PMID: 5123259Oct 1, 1971Paper

Neural crest origin of the endocrine polypeptide (APUD) cells of the gastrointestinal tract and pancreas

A G Pearse, J M Polak


A method of labelling known to be appropriate for the demonstration of endocrine polypeptide (APUD) cells was found to label the cells of the neural crest in the chick embryo after as little as 72 hours' development. The method depends on the production, from an exogenous precursor, of an amine which is stored in specific granules and which is convertible by treatment with hot formaldehyde vapour into a fluorescent derivative. The whole technique is described as APUD-FIF. The application of APUD-FIF to mouse embryos shows that at the 7-8 somite stage (eight days) labelled neural crest cells migrate in large masses in a ventrad direction. At around the ninth day they colonize the developing foregut and its derivatives, including pharynx, stomach, duodenum, ultimobranchial body, and pancreas. In subsequent stages of development (up to 12 days) the cells are seen in comparatively large numbers in the gastrointestinal tract and in the pancreas. Complete proof that these early APUD cells, which demonstrably arise from the neural crest, are the precursors of all the endocrine polypeptide cells of the adult pancreas, stomach, duodenum, and small and large intestine, is not at present available. Notwithstanding a great deal of earlier ...Continue Reading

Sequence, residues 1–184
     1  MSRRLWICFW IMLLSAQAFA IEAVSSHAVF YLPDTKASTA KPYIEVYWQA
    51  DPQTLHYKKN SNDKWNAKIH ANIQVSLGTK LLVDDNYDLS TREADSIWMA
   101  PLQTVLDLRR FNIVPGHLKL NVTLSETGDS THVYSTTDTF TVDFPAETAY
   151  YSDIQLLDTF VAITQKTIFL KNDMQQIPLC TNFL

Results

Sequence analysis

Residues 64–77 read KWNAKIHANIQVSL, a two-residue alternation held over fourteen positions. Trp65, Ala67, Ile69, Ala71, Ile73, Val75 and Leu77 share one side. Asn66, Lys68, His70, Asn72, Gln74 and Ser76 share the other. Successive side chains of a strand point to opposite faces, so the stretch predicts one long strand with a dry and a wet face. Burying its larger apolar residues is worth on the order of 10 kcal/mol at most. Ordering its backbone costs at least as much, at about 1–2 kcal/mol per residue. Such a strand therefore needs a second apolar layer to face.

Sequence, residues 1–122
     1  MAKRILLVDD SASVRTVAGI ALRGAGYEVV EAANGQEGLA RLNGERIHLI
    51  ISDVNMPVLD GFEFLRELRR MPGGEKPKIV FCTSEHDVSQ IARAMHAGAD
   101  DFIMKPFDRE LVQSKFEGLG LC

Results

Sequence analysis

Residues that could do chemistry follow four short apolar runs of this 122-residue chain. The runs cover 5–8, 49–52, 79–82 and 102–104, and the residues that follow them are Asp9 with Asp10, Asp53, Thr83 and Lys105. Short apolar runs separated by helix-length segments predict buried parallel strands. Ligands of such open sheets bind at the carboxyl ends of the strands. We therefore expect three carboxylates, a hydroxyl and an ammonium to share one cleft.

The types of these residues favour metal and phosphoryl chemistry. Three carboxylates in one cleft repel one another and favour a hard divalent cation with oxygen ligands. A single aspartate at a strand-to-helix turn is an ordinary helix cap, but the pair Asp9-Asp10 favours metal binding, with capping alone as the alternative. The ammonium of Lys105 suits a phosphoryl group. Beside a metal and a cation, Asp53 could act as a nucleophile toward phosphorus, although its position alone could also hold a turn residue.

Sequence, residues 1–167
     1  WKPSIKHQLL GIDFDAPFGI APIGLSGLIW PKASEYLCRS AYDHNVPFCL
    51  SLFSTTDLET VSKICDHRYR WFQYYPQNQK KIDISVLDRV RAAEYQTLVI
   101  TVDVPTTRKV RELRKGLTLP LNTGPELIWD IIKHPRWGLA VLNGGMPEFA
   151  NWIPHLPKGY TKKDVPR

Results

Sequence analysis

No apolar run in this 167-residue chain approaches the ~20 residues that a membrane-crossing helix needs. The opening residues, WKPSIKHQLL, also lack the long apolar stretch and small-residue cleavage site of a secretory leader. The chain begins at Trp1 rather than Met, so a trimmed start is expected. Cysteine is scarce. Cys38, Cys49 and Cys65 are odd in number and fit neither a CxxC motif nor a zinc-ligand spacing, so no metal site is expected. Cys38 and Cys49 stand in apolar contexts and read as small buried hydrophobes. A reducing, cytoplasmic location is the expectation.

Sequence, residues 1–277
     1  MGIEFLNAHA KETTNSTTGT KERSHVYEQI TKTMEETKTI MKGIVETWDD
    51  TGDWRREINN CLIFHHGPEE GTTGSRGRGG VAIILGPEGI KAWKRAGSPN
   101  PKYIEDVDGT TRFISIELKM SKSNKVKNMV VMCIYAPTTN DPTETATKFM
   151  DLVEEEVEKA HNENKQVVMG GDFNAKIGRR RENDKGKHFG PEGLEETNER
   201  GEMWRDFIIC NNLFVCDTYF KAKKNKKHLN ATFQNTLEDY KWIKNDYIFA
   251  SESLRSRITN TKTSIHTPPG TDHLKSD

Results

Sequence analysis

Jan 1, 1971·Histochemie. Histochemistry. Histochimie·A G Pearse, J M Polak
Jan 1, 1967·Annual Review of Pharmacology·O Eränkö
Feb 1, 1971·General and Comparative Endocrinology·J M PolakA G Pearse
Mar 1, 1969·Scientific American·N K Wessells, W J Rutter
Apr 1, 1951·The American Journal of the Medical Sciences·H BEERMAN

❮ Previous
Next ❯


Jan 30, 1999·The Journal of Pathology·A AndrewB B Rawdon
Apr 1, 1997·Microscopy Research and Technique·D W Scheuermann
Apr 30, 1999·The Prostate·P A Abrahamsson
Dec 1, 1990·Journal of Surgical Oncology·J O NwilohH P Freeman
Sep 1, 1993·Seminars in Surgical Oncology·M K McLeodB Shapiro
Jan 17, 1978·European Journal of Pediatrics·K BeckerH J Bremer
Jan 1, 1985·Virchows Archiv. A, Pathological Anatomy and Histopathology·H D GrayC H Horne